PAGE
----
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How the Carolina Panthers Can Beat the Detroit Lions

Tyler EverettContributor IINovember 20, 2011

How the Carolina Panthers Can Beat the Detroit Lions

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    With a record of 2-7 and last week's debacle of a loss to Tennessee still lingering, the Panthers need a win against the Lions in Week 11 as badly as ever.

    The bad news for Carolina is that this game means even more to the Lions, who have lost three of four after a 5-0 start. Detroit's recent skid, along with the run the Chicago Bears are making, make this a crucial game for a Lions squad that looked like Green Bay's top challenger in the NFC after five weeks.

    Here's how the Panthers can bounce back from their worst loss of the season and make it four losses in five games for Detroit.

Use the Lions' Pass Rush Against Them

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    Only six teams have recorded more sacks than Detroit, a team that prides itself on the physical play of Ndamukong Suh and the rest of its front seven. With Suh and Newton's former teammate Nick Fairley at defensive tackle, the Lions rush the passer as aggressively as anyone in the league.

    Carolina will have to use screen plays and draws to keep Suh and Co. honest and take advantage if and when Detroit's linemen and backers come flying upfield.

    In Jonathan Stewart and DeAngelo Williams, the Panthers have two sure-handed backs that will come in handy in a game in which screen passes and dumpoffs will be necessities.

    Most of quarterback Cam Newton's runs usually come when he scrambles downfield on pass plays, but he should call his own number on more quarterback draws than usual today.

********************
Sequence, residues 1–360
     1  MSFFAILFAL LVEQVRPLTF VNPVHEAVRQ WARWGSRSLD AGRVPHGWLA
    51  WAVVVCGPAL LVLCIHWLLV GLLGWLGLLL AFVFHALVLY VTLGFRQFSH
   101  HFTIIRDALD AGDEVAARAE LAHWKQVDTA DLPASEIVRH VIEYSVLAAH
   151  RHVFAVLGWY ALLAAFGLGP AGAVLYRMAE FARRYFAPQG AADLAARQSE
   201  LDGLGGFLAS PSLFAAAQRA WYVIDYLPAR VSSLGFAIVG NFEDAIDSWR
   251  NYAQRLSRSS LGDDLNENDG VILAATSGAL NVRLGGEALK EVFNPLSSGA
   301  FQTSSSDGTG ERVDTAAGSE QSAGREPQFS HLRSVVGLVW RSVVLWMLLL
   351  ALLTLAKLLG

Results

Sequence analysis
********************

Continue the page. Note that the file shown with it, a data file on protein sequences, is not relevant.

Start Strong

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    It's vital that the Panthers start this one off on the right foot for a number of reasons.

    As mentioned in the last slide, one of Detroit's strengths is its ability to pressure quarterbacks. It's vital that Carolina not fall behind today, because if the scoreboard rules out the threat of the run, Newton will be in trouble.

    A good start will also be crucial because Ford Field is probably the most intimidating environment the Panthers have played in this season. It's imperative that Carolina makes plays early to keep the crowd quiet.

    Detroit's fans helped force the Bears into nine false start penalties earlier in the season, so anyone who doubts the impact a crowd can have needs to find the tape of Detroit's Monday night romp over the Bears in Week 5.

    The Panthers fell behind 14-0 in the first quarter a week ago against Tennessee and never recovered. The last thing they need to is find themselves in another early hole, fighting both a deficit and a feeling of deja vu.

Make Somebody Besides Megatron Beat You Through the Air

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    Quick, name Detroit's second receiver. It's not easy, is it?

    Calvin Johnson is arguably the best wide receiver in the league, but after that, quarterback Matthew Stafford's other options are less than imposing. Tight end Brandon Pettigrew has had a big year, but it's nevertheless hard to imagine a big day for the Detroit offense if Johnson is contained.

    But if anything in this slide show is easier said than done, it's stopping Johnson.

    Cornerback Chris Gamble has manned up against a number of top wideouts this season, but I think expecting him to lock up Megatron is a bit too much to ask. Whether they have to use zone coverage, multiple defenders or something else that doesn't occur to me, the Panthers should go to any length necessary to make somebody besides Johnson beat them.

    No team knows better than Carolina—which becomes a completely different offensive team when Steve Smith is taken away—how hard it is to win when a dominant pass catcher is unable to get open.

    The Panthers need to help Detroit understand that feeling today.

Get out of Your Own Way

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    Only the Oakland Raiders have been more penalized than the Panthers, who have made precious little progress since the season opener toward avoiding mistakes.

    And it's not just penalties with this team. Last week was the third time Carolina allowed a punt return for a touchdown.

    If Carolina can make the opponent beat it on offense and defense, without the help of penalties, great field position or non-offensive touchdowns, its chances will improve tremendously.

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